Larry had been watching the progress all summer, and every time he bumped into Graziano, would ask him how it was going and when did he expect to open. Soon.. was the response. As June crept into July, then August and September, we watched, waited, and made sure to duly update our friends on the renovation. As every restaurateur knows, a lot of work goes into opening a café. The monumental task of turning an old brick building that had earlier housed a hair salon and most recently a ground floor office space, into a up-to-date food establishment takes a lot of planning, and tons of elbow grease.
It’s now been two weeks since the Downtown Café re-opened at the top of Broadway (near Spring Street). The neighborhood has been in a buzz since the soft opening. The dinner hours on the last two Fridays and Saturdays were packed with old friends and neighbors who came to eat. And everyone who ate there agrees, Graziano has got his ‘A’ game back.
It’s a simple homey place, a long wooden counter and center aisle separates the tiny open kitchen from the sturdy wood tables and chairs next to the wall. A mix of retro vinyl bar stools and plain wooden stools sit at the counter. When the weather permits, some of the wooden tables are moved outside for sidewalk dining.
It’s our opinion (shared by quite a few aficionados) that the counter is the best place to sit. Larry & I walk in with our bottle of wine (he’s still working on a wine license), hop on a pair of bar stools and wait for the Hello’s and Hi’s to stop so we can look over the Specials or ask Graziano what’s in the fridge. It’s like going to Nanna’s house for family dinner. You never know what he’s cooked up but if there isn’t anything on the menu that appeals, you know Graziano can make you something.
On earlier Fridays and Saturdays we ordered Italian Style Baked Chicken and Roasted Pork Loin straight off the menu. We noticed the Pate with Crostini has been a big hit at the neighboring tables. Hhmm, may have to try that one next.
We noticed the Beef Stew was a Special but we had already ordered. So we went back the next morning to get it for Breakfast. It’s true, stew always taste better the day after it’s made. This week I ordered the Grilled Pork Chop from the menu and Graziano made Larry a Grilled Salmon with Lemon and Artichoke. We have shared side orders of Grilled Skinny Asparagus, Homemade Pappardelle with Tomato Sauce, Double Mashed Potatoes, and Heirloom Tomato Salad.
This morning, I went to help Graziano make rice balls and meatballs for the Italian Festival. When Graziano pulled out this humongous(!!!) tub of cooked flavored rice, I thought we were planning to make a million rice balls. Turns out all that rice only made a few hundred 3” balls. These were definitely the biggest rice balls I’ve ever seen, actually the only rice balls I’ve ever made. My family is Chinese and my sisters will never believe I helped to make rice balls.. almost as strange as throwing rice at weddings!
BC Gee. owner of the Rondout Inn
The British are coming! The British are coming!
Today when I hear this, it usually means we have guests coming in from across the pond.
But back in colonial days, we would have grabbed the silver and the milk cow and run for the hills. The British has been soundly defeated at the Battle of Saratoga by Washington’s Continental Army and they were mad as hornets. What better site for their revenge than the newly created New York State Capital, Kingston?
On a Fall October day in 1777, soldiers from British-captured New York City, sailed up the Hudson River to retaliate. Landing at Kingston Point, the red coats marched along the Rondout Creek and up to the Stockade area (now known as Uptown Kingston), burning houses along the way. And since the colonial militia was off fighting elsewhere (such as the Battle of Saratoga), only a few brave locals were left to repel the invading British soldiers.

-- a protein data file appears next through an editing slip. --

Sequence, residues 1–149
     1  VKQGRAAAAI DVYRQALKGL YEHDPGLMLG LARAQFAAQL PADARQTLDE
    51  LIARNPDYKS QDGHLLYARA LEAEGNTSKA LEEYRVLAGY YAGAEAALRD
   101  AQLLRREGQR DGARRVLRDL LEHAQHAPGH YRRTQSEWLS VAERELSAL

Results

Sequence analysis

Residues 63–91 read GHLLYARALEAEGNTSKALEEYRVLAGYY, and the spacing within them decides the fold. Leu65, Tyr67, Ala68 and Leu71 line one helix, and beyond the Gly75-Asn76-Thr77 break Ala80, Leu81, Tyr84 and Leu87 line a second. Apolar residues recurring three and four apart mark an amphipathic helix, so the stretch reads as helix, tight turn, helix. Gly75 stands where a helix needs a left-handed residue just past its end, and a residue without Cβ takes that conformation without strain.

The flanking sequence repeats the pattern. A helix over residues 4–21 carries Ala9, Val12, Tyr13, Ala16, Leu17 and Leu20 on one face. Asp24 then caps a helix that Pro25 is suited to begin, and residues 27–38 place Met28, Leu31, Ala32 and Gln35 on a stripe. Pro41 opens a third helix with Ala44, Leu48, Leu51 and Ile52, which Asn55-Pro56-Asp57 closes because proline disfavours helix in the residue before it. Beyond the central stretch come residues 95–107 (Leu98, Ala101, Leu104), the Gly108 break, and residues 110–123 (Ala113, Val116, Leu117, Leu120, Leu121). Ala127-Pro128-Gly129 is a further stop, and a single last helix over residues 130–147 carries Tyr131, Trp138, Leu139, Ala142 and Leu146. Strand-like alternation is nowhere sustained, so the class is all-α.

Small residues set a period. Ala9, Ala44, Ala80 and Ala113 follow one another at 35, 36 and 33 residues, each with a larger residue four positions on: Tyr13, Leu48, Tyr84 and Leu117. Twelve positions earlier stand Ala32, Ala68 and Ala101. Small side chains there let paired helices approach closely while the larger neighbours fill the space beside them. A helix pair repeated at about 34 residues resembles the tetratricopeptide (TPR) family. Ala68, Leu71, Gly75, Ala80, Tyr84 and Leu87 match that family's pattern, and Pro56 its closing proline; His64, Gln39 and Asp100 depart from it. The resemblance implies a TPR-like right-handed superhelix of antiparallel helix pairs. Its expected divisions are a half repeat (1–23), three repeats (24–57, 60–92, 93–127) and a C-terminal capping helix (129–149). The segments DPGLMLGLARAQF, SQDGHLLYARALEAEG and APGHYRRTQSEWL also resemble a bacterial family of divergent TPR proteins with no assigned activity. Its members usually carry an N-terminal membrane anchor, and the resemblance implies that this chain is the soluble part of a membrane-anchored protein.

In just a few hours, the angry redcoats burned down over 300 buildings. Luckily, most of the townsfolk had already left before the invasion. It was a dramatic moment in the American Revolutionary War.
In a few more weeks, Kingston will celebrate this biennial event marking the 240th anniversary of the battle with its 20th anniversary reenactment on the weekend of October 13, 14 and 15. Highlighted by a dramatic British invasion at Kingston Point Park along the Hudson River, red coated British Troops, colonial militiamen and historically garbed townspeople will present three full days of free activities.
What other city in New York State, let alone the United States, celebrates their burning down? Come and explore today’s bigger and better Kingston, with its three distinct districts. Tour the British military camps and watch 18th century company drills. Take advantage of the various historic presentations and lectures at the Senate House Museum, the Persen House, and the Hudson River Maritime Museum. Hear first-hand accounts by the long-dead at the Old Dutch Church Cemetery. Dance to live 18th century music at a costume Ball held at Kingston City Hall. Cheer on the Colonial militia, who though outnumbered and defeated, lived on to rebuild.
The Burning of Kingston is weekend-long celebration that draws thousands of visitors to Kingston NY. For
more details and full schedule of events: www.burningofkingston.com
It’s an 8am load-in. Which is not atypical for an antique event. We dealers are used to being up early, ready to back into our allotted space and unload a carload of merchandise at an ungodly hour. Actually, the Upstate Smorgasburg starts at a decent hour. When we do E.T. (Elephant’s Trunk) in Norwalk CT, we have to be on line by 5:30 am, just to get onto the field.
I’m really glad too, that Smorgasburg is only one weekend per month (third Saturday and Sunday of the month, from May through October). Last year’s schedule of every Saturday from August to October was exhausting. By the time we loaded in at 8am, worked our booth and packed up at 6pm; we barely had enough energy to unpack the car at the end of each Saturday. And this was every Saturday for 13 weeks. My husband Larry sardonically observed that it was easier for all the other vendors there – they was half our age!
Part of the appeal of Smorgasburg is the food. The food vendors prepare and cook their food on the site, offerings range from oysters on the half shell to ramen burgers. We usually check out the food as soon as we finish setting up the booth. We want to know what we can grab when we get a chance to eat. So far our favorites are the smoked salmon skewers from Hook Line Sinker and the Poke Bowls from Ono Grinds Poke.
All complaining aside, it’s not all doom and gloom. It’s actually a lot of fun meeting friendly people, especially those who recognize what we have and can pinpoint what year they (or their parent) had one. And it’s a lot of fun re-discovering all the stuff we had forgotten we even had. We’ve been selling mostly mid-20th century housewares and accessories. Mad Men has made a huge impact on our collective memories.